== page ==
How the Rungis market wants to take its digital turn

The Rungismarket digital platform, launched in February 2022, allows restaurateurs to obtain supplies from Rungis wholesalers by placing a single order.

On the Rungis market, south of Paris, it’s effervescence from the early hours of the morning. From fish to meat, including flowers, fruit and vegetables, 2.8 million tonnes of fresh produce pass through the famous Ile-de-France wholesale market every year to feed 18 million consumers. There are more than 700 wholesalers at work in the Rungis pavilions – sometimes a headache for professionals who have to supply themselves with foodstuffs, forced to juggle between orders and phone calls.

Screenshot of the Rungismarket website.
Screenshot of the Rungismarket website. © Rungis Market

This is the bet of the Rungismarket website: to digitize this gigantic market to facilitate the supply of restaurants, caterers, traders and other grocers. In 2018, a first attempt under the same name was a failure. The platform has been operational again since February: it allows professionals to obtain supplies from wholesalers by placing a single order. “The advantage is to have only one delivery, only one invoice and only one interlocutor in the event of a problem”, advances Pierre Lévy, founder of Califrais.

Artificial intelligence

Incubated at Rungis itself, Califrais won the call for tenders launched in 2021 by Semmaris, the semi-public entity responsible for managing the wholesale market, to give the platform a second chance. The start-up now manages the operation of the Rungismarket website, associated with the fresh produce transporter Stef and the customer relations outsourcing specialist Webhelp – the three companies had come together to respond to the call for offers. “It’s our technology and our logistics” behind Rungismarket, explains Pierre Lévy.

The poultry pavilion around 4 o'clock in the morning.
The poultry pavilion around 4 o’clock in the morning. © BFM Business
The start of order preparation at the Califrais warehouse.
The start of order preparation at the Califrais warehouse. © BFM Business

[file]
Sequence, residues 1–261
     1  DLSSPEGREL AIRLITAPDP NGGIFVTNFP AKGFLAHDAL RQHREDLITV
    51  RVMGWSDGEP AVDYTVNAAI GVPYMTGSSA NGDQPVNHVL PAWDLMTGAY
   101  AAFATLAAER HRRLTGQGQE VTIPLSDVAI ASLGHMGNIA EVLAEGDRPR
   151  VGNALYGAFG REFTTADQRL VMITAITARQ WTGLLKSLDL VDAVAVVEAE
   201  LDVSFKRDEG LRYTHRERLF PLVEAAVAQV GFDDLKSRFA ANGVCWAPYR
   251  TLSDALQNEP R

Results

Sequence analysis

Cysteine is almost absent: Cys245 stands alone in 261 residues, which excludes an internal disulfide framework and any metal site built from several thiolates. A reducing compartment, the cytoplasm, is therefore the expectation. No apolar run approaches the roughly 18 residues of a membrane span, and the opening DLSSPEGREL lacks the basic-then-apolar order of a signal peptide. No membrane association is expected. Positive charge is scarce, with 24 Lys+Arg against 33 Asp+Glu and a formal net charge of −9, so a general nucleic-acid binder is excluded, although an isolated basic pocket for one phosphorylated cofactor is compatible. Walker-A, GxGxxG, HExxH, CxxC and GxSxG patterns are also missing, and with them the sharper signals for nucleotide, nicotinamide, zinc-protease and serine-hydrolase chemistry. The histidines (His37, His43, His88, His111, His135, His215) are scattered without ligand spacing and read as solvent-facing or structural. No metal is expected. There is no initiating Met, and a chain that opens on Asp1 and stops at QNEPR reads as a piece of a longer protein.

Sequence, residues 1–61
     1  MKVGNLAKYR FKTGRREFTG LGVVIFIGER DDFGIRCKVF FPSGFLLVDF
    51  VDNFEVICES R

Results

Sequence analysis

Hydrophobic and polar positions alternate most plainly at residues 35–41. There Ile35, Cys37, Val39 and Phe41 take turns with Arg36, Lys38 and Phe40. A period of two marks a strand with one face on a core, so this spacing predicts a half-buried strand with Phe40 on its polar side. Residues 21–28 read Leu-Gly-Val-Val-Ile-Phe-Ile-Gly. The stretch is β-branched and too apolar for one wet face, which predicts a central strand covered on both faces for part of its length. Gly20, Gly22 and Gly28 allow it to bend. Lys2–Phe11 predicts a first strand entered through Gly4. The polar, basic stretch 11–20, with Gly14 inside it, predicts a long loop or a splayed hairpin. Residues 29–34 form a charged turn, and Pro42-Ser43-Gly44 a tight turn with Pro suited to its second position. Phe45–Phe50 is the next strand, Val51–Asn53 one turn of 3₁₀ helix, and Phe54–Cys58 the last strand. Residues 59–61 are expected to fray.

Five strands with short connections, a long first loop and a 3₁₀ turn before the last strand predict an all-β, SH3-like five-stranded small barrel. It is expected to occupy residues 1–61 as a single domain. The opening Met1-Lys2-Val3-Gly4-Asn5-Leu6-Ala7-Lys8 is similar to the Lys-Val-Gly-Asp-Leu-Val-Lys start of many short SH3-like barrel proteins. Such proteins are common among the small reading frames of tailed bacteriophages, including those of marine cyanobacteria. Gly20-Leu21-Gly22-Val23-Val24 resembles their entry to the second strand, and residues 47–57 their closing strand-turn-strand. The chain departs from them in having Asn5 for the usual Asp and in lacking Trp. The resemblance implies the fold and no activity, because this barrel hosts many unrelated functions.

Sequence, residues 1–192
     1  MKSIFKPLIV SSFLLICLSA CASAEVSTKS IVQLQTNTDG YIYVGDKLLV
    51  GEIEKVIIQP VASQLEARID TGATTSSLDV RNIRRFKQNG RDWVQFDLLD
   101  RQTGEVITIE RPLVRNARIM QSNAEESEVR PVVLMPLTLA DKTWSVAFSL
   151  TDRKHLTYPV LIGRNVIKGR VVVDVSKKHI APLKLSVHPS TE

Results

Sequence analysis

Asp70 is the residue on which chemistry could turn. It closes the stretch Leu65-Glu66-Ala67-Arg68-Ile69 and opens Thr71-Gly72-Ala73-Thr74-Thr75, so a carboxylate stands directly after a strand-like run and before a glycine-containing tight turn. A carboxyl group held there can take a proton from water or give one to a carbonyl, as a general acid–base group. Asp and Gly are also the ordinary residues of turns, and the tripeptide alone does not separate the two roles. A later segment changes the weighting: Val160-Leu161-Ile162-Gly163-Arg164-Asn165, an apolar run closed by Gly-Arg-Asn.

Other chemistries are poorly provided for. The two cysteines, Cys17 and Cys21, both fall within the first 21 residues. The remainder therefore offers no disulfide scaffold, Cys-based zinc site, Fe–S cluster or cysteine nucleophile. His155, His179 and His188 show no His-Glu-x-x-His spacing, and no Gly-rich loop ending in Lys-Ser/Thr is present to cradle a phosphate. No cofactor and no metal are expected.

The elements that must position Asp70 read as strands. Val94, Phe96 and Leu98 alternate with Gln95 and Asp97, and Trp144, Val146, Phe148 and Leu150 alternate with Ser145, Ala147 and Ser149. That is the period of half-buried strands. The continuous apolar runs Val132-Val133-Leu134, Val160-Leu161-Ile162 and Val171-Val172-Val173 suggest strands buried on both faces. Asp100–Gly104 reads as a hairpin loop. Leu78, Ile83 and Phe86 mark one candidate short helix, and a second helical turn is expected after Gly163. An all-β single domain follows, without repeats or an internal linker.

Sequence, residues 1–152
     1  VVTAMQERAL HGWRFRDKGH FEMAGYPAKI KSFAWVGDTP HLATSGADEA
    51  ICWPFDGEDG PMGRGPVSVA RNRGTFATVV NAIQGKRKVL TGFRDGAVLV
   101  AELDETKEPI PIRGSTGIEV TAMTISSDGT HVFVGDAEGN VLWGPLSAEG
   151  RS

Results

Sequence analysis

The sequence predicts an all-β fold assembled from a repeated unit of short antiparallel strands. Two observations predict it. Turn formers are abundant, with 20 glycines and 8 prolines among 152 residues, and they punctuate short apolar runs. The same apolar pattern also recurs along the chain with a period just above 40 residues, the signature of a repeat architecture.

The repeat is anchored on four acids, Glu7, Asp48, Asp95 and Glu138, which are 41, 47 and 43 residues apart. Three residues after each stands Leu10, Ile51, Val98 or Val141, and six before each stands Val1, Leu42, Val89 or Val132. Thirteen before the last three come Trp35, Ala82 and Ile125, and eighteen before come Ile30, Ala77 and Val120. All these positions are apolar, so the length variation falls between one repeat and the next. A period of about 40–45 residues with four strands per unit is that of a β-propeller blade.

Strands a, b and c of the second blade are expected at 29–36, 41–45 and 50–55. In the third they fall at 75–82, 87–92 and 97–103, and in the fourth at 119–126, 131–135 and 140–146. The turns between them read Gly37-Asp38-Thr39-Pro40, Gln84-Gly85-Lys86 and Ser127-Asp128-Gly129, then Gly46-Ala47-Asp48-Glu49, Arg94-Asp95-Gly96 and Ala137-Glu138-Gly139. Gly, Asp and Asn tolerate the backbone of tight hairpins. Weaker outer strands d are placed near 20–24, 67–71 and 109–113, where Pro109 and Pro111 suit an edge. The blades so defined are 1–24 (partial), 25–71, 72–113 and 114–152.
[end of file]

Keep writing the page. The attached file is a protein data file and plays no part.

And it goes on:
A layer of artificial intelligence has been added to the platform to manage the huge mass of data and provide the most up-to-date information possible. At Rungis, the prices and supplies of these perishable foodstuffs may vary from day to day depending on supply and demand. All the more complicated since a large amount of information must be taken into account for fresh products (maturity, size, provenance, labels), which are not always the same depending on the product category, and use-by dates (DLC ) very short.

15,000 deliveries

Once the order has been placed by the customer, before midnight, it is sent to the wholesalers. The latter prepare the goods then send them to the Califrais warehouse where they are put together on a single pallet per customer. To carry out the logistics, the wholesalers have been trained in the use of the digital tool “so that they are as autonomous as possible”, explains Pierre Lévy. Then head to the Stef warehouse, where the pallets are stored in the trucks. Drivers start at 5:30 a.m. and arrive at 6 a.m. inside Paris.

The loading of the trucks at the Stef warehouse shortly before the departure of the drivers.
The loading of the trucks at the Stef warehouse shortly before the departure of the drivers. © BFM Business

About 15,000 deliveries have already been made since the launch of the platform. To encourage market wholesalers to join their platform, its managers play on the argument of the additional sales channel and show themselves to be conciliatory, sometimes preparing the orders themselves. Rungismarket currently brings together around sixty companies and 10,000 references: the objective is to increase to 200 wholesalers by the end of 2024, i.e. approximately 30% of those installed in Rungis. “We want to multiply by ten the number of products sold” by this time, anticipates Pierre Lévy.

Jeremy Bruno BFMTV journalist

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How the Rungis market wants to take its digital turn

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